The Jarosz Family

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Story of Rescue - The Jarosz Family

“Mother took many risks - he recalls - and father repeated to my brothers: ‘This will not end well.’ And it didn’t. But what can you do.”

He had five brothers and two sisters. The two oldest were killed. They lived in Piaski, 20 km away from Lublin. The whole family was in the Home Army.

“I was the youngest, I took orders. There was a man, he ran a barber shop before the war, his name was Kochen, we used to call him ‘Warsaw-er,’ he led the Jewish Combat Organization. They said: ‘Clean the weapons and bring them to us.’ I like weapons very much, we had a lot of them, the commander of the police force gave them to us.”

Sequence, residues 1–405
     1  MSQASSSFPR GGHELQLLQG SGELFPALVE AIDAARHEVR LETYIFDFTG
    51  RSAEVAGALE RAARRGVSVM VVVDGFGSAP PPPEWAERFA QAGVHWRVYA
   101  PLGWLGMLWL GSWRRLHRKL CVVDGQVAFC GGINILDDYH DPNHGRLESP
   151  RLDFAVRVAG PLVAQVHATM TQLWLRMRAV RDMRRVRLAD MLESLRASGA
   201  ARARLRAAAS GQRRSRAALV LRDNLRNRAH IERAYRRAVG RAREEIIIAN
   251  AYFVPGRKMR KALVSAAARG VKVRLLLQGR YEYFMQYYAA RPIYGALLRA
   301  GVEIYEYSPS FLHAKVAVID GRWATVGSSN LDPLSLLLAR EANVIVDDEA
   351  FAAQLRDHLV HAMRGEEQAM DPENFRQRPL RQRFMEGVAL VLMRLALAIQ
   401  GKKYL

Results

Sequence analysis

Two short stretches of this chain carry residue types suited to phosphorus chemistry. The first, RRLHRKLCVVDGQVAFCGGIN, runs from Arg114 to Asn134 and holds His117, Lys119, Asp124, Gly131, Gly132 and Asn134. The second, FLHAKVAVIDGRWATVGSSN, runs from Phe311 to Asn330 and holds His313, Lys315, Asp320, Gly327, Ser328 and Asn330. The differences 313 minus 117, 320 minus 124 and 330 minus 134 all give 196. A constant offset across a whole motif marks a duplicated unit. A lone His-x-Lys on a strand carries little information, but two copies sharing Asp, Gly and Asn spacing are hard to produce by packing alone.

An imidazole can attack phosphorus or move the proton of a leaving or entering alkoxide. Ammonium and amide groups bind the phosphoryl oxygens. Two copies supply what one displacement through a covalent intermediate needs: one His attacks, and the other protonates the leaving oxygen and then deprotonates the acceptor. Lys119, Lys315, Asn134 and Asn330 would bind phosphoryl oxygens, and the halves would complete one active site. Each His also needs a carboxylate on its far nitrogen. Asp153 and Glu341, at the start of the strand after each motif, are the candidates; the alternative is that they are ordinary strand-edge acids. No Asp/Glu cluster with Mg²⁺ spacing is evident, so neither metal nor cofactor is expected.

He cleaned them in the attic of an old blacksmith with his brother, an army engineer, who was later killed, shot by a Volksdeutsch. He was bringing weapons to a meeting point. Some of the weapons went to the Jewish Combat Organization. The whole time they were in contact with the local ghetto. They took food, medicine, over to the other side, jumped the fence. “Because of course, in the ghetto - he explains - we had many Jewish friends, classmates of ours.”

“Then we arranged identity cards and false documents, later we passed along information about planned German raids and plans for removal to camps, which were obtained by a ‘Dark Blue’ policeman, who cooperated with the Home Army.”

The whole time they were helping the Lewin family who had been relocated in 1940 from Stargard Szczeciński.

Maksymilian is the youngest brother of Marianna Krasnodębska.



  • Wójcik Konrad, Interview with Maksymilian Jarosz, 1.07.2008